STEVE INSKEEP, host:
Some people may be using high-tech surveillance technology to get their hands on a book. Adults cannot wait to read "The Girl Who Kicked the Hornet's Nest," the final installment in Stieg Larsson's trilogy. But in this country, they're not lining up at the local bookstore; they are ordering their copies from overseas, where the book has already been released. NPR's Lynn Neary reports.
LYNN NEARY: Stieg Larsson's Millennium trilogy is a genuine publishing phenomenon. More than 3 and a half million copies of the first two books are in print in the U.S. alone. A film version of the first book, "The Girl with the Dragon Tattoo," has just been released. And the U.S. release of the third book is scheduled for the end of May.
Paul Bogaards, executive director of publicity for Knopf, the U.S. publisher, says no one knew how big the books would be.
Mr. PAUL BOGAARDS (Executive Director of Publicity, Knopf): We thought that Stieg Larsson, as an author, should be a best-selling author, but did we see the juggernaut on the horizon, the international juggernaut that Stieg Larsson has become? No.
NEARY: Knopf obtained the rights to Stieg Larsson's books after his death. He was an unknown in the U.S., so the publishing company's first priority was to introduce him to the public. At that point, they didn't think about the need for a simultaneous release of the books in different countries. They just wanted time to build interest with the release of each book. They had no idea that avid fans, like John Gomperts, would be so eager to get their hands on "The Girl Who Kicked the Hornet's Nest."
Mr. JOHN GOMPERTS: Well, once you know you can have it, once you know it exists in English and you can buy it, it would be crazy not to.
NEARY: Gomperts didn't waste any time after a friend told him the book would be available in Britain long before the U.S. release in May.
Mr. GOMPERTS: She said, well, you know, you can just go on Amazon.uk and buy it. In fact, she said, I've already been there; it's coming out on October 8th. As it turned out, it was released on October 1st. I had it, and had read it, by October 8th.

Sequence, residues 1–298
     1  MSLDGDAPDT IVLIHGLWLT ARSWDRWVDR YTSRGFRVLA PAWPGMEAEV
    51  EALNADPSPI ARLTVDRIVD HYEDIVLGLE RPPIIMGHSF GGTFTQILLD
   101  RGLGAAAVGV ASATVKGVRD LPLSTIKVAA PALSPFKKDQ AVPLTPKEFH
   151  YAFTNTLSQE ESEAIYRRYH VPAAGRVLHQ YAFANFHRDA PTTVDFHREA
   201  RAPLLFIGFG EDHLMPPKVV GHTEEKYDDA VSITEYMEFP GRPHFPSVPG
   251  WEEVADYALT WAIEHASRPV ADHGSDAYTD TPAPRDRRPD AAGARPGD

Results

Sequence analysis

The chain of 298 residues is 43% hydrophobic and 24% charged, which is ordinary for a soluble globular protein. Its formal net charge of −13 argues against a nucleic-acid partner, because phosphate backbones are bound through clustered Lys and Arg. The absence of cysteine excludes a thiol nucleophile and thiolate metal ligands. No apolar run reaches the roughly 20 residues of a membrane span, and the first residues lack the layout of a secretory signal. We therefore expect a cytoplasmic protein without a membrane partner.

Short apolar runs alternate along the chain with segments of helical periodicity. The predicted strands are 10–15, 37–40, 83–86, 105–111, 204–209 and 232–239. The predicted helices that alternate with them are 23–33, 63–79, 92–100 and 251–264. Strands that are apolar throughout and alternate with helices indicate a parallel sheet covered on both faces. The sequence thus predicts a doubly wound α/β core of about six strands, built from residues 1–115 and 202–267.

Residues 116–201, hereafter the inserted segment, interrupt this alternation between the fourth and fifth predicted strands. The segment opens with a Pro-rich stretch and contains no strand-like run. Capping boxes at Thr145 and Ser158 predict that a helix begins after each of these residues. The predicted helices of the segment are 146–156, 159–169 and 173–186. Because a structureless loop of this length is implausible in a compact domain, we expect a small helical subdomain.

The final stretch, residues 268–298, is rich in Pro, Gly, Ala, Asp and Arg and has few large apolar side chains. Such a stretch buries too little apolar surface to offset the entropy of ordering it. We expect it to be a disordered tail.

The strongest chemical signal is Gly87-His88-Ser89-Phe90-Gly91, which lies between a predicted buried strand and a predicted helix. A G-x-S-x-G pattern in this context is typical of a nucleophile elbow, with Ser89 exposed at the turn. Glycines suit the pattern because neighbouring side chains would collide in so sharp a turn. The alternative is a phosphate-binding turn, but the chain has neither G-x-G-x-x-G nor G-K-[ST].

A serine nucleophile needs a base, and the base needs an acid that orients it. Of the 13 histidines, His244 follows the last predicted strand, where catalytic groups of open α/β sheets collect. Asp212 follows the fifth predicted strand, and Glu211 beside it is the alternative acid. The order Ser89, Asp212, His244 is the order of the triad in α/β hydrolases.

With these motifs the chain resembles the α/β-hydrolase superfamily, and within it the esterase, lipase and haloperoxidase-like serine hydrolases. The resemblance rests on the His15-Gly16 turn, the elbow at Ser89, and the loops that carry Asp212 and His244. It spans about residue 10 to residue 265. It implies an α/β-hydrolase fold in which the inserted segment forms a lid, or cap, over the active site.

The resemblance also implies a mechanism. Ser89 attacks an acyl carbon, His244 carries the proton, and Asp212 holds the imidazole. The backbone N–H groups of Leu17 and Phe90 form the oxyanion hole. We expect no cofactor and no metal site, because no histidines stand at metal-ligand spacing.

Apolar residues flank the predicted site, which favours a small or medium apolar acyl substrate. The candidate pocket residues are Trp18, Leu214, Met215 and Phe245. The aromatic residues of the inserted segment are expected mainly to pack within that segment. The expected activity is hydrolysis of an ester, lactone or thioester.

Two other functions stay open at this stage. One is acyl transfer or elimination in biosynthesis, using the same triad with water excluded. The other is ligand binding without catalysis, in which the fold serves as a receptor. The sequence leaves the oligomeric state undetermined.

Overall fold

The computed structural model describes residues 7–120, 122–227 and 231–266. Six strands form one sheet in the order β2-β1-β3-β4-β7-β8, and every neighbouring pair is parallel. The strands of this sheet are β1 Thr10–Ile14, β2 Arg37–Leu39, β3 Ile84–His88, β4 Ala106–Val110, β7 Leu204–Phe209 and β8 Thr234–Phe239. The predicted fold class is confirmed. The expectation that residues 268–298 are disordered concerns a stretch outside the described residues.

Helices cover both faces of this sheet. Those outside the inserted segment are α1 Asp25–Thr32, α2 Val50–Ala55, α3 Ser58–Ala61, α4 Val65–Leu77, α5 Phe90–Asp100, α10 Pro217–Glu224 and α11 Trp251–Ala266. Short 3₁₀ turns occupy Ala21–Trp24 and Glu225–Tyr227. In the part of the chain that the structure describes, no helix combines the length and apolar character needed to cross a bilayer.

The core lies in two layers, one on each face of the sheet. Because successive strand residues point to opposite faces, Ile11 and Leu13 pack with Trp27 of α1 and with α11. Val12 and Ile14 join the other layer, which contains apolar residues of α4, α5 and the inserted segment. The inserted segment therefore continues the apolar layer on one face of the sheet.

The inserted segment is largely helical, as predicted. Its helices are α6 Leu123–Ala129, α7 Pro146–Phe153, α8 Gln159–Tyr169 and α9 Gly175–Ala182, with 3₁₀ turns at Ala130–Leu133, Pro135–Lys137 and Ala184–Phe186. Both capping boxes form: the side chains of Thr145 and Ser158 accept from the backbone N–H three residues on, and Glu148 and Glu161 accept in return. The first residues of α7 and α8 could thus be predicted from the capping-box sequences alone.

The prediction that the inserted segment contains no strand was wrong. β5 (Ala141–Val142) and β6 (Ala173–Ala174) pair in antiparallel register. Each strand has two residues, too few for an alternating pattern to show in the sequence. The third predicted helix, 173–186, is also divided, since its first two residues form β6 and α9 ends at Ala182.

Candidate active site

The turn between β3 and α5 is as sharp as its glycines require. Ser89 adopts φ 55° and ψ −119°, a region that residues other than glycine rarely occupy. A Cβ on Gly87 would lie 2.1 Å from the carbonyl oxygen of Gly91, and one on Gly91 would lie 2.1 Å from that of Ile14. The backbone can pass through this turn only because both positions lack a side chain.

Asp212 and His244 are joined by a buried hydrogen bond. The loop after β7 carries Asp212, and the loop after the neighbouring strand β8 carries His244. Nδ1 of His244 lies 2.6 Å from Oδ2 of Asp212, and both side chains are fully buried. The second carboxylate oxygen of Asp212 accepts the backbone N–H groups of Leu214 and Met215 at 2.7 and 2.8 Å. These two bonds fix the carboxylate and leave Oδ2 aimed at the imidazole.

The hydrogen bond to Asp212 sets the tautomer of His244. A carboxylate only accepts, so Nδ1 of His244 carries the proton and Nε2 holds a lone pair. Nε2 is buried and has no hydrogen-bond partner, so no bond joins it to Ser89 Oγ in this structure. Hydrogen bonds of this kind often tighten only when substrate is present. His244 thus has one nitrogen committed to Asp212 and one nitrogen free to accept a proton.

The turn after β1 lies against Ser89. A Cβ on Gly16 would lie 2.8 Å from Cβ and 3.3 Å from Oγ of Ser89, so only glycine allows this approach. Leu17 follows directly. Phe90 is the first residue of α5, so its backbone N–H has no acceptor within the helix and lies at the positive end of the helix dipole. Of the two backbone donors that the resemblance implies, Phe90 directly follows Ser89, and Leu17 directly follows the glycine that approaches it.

NEARY: Celeste Warrington, of Cincinnati, says there's one really good reason why she wanted to get the book sooner rather than later.
Ms. CELESTE WARRINGTON: Impatience.
NEARY: Warrington had already read the first book in English when she discovered her husband had bought the second book during a trip to France. It was part of a pile of books he'd gotten to help him with his French, and Warrington instantly realized he didn't know what a treasure he had.
Ms. WARRINGTON: So, I called him, I said, can I take this book? You read the first one in English; I would like to read this one. And I did and loved it. He read the first and second and loved it, so that we couldn't wait. We jumped the gun and went on Amazon.fr and ordered the third one. And we ordered two copies 'cause we realized we weren't going to be able to share.
NEARY: And you ordered it in French?
Ms. WARRINGTON: Yeah, it was terrific. It was great. It was really fun.
NEARY: All this online book-buying did not escape the attention of book sellers like David Thompson, of Murder By the Book Mystery Bookstore in Houston. Thompson says the store wanted to honor the U.S. release date, but it kept getting harder and harder.
Mr. DAVID THOMPSON (Murder By the Book Bookstore): We had gotten several very loyal customers who just absolutely needed the third book because the second one ends with such a cliffhanger you really, really want to read that third one right away. And so we felt that it was really important to serve our customers and import these books that there was a desperate demand for.
NEARY: Eventually, Knopf found out that Thompson's store and others were importing copies of "The Girl Who Kicked the Hornet's Nest" and selling them to their customers. Knopf asked the booksellers to stop the practice - which they did because, says Paul Bogaards...
Mr. BOGAARDS: Because it's against the law. It's a violation of copyright law.
NEARY: Online booksellers are also supposed to honor the U.S. release date, which Bogaards says consumers may not know.
Mr. BOGAARDS: What I would say to readers is, I would encourage them to shop at their local bookseller here in the United States, or their local online bookseller here in the United States, where no laws are being broken and you are supporting the continuing discovery of world literature.
NEARY: As for the future, there's lots of talk of a possible fourth book. And if that happens, Bogaards says:
Mr. BOGAARDS: Let me say this: If there is a fourth book - and we know that there are 200 pages of a fourth book somewhere - I can assure you that we will consider, if we ever have the opportunity to publish it, we will consider publishing it simultaneously with our U.K. partner.
NEARY: Fans like John Gomperts would love another book, but having already read the third one, Gomperts says the last 100 pages of it were so satisfying, he doesn't mind stopping right there.
Lynn Neary, NPR News, Washington.
(Soundbite of music)
INSKEEP: This is NPR News.
NPR transcripts are created on a rush deadline by a contractor for NPR, and accuracy and availability may vary. This text may not be in its final form and may be updated or revised in the future. Please be aware that the authoritative record of NPR’s programming is the audio.